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  • Sky News

McDonald's to start phasing out plastic straws from its UK restaurants

Fast food giant McDonald's is to start phasing out plastic straws from its UK restaurants and says it is "really close" to the point where all its packaging can be recycled.

The company, which has around 1,300 restaurants around the country, will start a trial in May to use paper straws instead of the normal plastic ones.

It will also try out a scheme where straws are kept behind the counter, and only given out to customers on request.

McDonald's has around 3.7 million customers every day, with 90% of the UK population visiting one of its restaurants in the average year.

The announcement was made by McDonald's chief executive Paul Pomroy in an exclusive interview for Sky News.

He said: "Customers have told us that they don't want to be given a straw and that they want to have to ask for one, so we're acting on that.

"Straws are one of those things that people feel passionately about, and rightly so, and we're moving those straws behind the front counter.

"If you come into McDonald's going forward, you'll be asked if you want a straw.

"The other thing we're looking to do is to move to recycled paper on the straws and biodegradable paper straws and that test, I'm really proud to say, will start next month."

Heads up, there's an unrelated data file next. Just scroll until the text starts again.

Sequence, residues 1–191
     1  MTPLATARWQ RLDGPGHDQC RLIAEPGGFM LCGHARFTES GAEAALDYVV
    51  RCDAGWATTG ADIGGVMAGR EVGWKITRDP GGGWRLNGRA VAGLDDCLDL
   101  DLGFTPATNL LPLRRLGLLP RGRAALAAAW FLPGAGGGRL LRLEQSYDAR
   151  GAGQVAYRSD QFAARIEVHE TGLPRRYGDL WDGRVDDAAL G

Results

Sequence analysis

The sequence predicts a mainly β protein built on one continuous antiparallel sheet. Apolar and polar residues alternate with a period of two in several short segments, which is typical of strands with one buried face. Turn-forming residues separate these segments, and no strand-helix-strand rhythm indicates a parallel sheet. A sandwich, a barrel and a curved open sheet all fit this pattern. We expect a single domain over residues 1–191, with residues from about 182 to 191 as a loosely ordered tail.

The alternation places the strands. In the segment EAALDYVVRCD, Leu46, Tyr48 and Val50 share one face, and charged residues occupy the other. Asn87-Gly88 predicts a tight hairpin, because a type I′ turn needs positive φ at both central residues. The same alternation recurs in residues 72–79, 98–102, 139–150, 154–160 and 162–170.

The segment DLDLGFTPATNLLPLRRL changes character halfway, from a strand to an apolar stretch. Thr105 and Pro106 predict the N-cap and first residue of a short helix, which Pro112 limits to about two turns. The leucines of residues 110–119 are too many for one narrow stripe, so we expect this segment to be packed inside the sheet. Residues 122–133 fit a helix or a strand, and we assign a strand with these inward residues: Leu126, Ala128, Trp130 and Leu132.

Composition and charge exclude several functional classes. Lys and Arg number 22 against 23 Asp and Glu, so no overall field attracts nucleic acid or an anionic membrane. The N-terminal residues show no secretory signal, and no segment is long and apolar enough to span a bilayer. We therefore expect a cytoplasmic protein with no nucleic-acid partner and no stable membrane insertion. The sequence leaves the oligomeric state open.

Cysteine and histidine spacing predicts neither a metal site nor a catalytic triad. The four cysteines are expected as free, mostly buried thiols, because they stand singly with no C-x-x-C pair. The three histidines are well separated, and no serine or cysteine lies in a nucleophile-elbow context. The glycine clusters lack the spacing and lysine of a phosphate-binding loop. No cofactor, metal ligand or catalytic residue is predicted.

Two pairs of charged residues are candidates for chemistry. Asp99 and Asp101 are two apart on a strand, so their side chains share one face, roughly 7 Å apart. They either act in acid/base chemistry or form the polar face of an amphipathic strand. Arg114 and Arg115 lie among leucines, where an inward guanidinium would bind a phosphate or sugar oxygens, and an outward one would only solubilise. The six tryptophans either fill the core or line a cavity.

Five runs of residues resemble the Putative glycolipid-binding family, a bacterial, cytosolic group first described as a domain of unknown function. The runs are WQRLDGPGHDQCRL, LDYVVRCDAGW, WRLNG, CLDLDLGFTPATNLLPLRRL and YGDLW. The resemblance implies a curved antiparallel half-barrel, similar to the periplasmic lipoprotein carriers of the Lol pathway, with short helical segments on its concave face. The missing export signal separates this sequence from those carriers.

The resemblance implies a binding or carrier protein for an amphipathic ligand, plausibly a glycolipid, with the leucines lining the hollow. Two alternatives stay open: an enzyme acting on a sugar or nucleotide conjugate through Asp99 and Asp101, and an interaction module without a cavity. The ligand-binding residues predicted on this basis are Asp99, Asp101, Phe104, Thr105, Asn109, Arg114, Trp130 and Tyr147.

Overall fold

The plastic straws presently used in McDonald's restaurants are recyclable but the company has reacted to growing public discontent about their use.

The UK is reckoned to use around 8.5 billion single-use plastic straws each year

High street retailer Iceland has stopped selling them, while Environment Secretary Michael Gove said last month that he wished to ban them while chains including Pizza Express and JD Wetherspoon have plans to phase them out.

Mr Pomroy said: "The reduction in the use of plastics is a hugely important issue for business, for the sector, and for society.

"We've been on a journey over the past 10 years with recycling, from taking out foam and polystyrene to where we are now - with Big Mac 'clam' boxes that are made with a recycled board.

"The only thing left for us to move forward on is the lids that go on to our cups. Those are complicated, but we're working with our suppliers to find a solution to that.

"We're really close, so we hope within the next year to be able to have a lid that's recyclable and serves the same purpose - for hot and cold drinks."

Since Mr Pomroy took over as UK chief executive of McDonald's, the company has reduced the amount of sugar and salt in many of its products and also introduced a range of premium products, as well as new restaurant designs.

He warned last week that the UK's retailers were facing "a perfect storm" of inflation, rising interest rates, and falling investment.


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